Lankan newspapers run out of newsprint due to forex crisis; suspend publication

Sri Lanka is facing an acute economic and energy crisis triggered due to shortage of foreign exchange.

Colombo: Sri Lanka’s two major newspapers on Saturday suspended their publication over newsprint shortage and price escalation caused by the country’s all-time worst foreign exchange crisis.

The Island, an English daily along with its sister Sinhala paper Divayina, ceased to print as the newsprint scarcities and price escalations hit the media organisation.

We regret to inform our readers that we have been compelled to suspend the publication of The Island print edition on Saturday until further notice in view of the newsprint shortage, Upali Newspapers Limited said in a statement.

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Sri Lanka is facing its all-time worst foreign exchange crisis after the pandemic hit the nation’s earnings from tourism and remittances.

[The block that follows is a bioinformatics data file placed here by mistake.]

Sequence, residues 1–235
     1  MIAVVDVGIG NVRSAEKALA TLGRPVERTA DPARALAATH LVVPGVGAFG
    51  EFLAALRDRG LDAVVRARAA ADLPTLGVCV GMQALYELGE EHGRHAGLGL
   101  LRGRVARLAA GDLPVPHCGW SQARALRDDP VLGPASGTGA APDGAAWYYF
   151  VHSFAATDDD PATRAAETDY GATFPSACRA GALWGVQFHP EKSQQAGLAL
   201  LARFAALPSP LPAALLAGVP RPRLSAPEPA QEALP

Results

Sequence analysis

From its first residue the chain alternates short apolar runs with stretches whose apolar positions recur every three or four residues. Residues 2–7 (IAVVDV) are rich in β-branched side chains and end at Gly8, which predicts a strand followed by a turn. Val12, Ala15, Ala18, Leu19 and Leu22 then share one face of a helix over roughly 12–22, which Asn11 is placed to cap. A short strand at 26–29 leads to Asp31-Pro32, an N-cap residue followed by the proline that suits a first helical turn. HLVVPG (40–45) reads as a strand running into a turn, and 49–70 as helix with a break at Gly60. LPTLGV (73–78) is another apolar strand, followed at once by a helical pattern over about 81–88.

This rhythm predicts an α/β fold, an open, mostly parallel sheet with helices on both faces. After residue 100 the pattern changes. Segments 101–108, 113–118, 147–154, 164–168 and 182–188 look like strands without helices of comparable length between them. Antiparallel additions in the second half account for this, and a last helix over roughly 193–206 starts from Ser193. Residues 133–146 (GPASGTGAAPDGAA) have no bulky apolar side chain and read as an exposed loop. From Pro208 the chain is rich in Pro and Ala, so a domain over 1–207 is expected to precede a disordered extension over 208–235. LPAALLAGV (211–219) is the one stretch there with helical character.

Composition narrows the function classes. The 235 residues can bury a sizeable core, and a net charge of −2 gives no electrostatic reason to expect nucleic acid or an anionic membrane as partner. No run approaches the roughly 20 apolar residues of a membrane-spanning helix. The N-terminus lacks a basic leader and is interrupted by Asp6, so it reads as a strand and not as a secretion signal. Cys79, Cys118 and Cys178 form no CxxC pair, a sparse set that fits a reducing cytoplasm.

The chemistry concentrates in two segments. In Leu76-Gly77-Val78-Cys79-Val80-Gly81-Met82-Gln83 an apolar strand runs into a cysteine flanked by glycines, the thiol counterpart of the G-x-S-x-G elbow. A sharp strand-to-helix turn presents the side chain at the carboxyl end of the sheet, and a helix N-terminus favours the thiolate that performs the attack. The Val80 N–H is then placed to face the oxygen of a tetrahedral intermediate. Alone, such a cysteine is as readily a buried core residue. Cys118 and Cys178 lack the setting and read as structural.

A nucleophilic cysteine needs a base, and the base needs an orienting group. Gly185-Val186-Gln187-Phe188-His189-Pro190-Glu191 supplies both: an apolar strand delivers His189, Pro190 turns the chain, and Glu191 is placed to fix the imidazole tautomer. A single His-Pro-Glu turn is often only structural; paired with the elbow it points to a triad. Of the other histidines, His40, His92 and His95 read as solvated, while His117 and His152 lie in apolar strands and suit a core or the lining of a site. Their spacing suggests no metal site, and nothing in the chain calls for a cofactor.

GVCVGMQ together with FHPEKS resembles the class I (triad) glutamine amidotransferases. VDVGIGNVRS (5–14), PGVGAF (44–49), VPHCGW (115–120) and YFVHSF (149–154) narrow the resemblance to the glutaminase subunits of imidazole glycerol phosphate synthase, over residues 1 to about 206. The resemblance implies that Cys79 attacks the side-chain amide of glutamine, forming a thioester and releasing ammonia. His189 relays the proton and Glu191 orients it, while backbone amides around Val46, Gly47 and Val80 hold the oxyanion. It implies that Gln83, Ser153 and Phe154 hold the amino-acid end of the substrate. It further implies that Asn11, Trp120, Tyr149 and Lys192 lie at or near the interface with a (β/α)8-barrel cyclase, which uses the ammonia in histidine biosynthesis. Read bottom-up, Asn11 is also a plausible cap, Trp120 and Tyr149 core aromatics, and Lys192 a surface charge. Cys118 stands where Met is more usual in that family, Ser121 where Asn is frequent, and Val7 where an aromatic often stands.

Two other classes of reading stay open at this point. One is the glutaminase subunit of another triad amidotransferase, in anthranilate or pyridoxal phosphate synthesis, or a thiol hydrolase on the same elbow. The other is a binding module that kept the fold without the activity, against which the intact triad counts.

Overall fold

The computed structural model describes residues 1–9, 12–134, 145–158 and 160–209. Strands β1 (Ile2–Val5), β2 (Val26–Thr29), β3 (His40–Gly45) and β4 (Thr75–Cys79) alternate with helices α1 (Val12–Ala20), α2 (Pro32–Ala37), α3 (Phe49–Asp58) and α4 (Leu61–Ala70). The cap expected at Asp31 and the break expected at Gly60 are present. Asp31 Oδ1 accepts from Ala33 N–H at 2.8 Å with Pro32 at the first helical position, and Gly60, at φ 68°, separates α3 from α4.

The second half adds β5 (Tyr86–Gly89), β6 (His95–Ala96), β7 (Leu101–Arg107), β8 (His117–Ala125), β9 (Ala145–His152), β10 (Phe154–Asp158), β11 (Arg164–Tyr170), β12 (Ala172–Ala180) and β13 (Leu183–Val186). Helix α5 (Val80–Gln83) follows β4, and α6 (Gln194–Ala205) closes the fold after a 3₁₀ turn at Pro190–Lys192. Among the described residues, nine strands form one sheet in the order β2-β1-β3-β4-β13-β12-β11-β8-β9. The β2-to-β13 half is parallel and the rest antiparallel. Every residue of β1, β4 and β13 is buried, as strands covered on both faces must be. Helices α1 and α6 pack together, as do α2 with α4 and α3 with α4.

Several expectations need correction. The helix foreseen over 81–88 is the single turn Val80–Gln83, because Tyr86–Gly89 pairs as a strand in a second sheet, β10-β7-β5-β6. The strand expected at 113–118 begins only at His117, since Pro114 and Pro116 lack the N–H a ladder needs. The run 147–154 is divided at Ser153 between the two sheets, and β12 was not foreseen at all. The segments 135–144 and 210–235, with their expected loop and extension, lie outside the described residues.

The import costs of newsprint also rose remarkably since the government’s decision early this month to float the Sri Lankan rupee against the US dollar.

The Island newspaper, which has been in print since October 1981, will now function as an e-paper.

Sri Lanka is facing an acute economic and energy crisis triggered due to shortage of foreign exchange. A sudden rise in prices of key commodities and fuel shortage forced tens of thousands of people to queue for hours outside petrol filling stations. People are also facing long hours of power cuts daily.

All essentials are in short supply due to import restrictions forced by the forex crisis.

As part of its measures to tackle the crisis, the Sri Lankan government has sought India’s assistance. After months of resistance, the government is preparing to approach the International Monetary Fund (IMF) for an economic bailout.

In a related development, the Indian Oil Corporation’s local entity LIOC effected another price hike of petrol with effect from midnight Friday. This was the LIOC’s fourth price hike since February.

India recently announced to extend a USD 1 billion line of credit to Sri Lanka as part of its financial assistance to help the country deal with the economic crisis. New Delhi had extended a USD 500 million line of credit to Colombo in February to help it purchase petroleum products.

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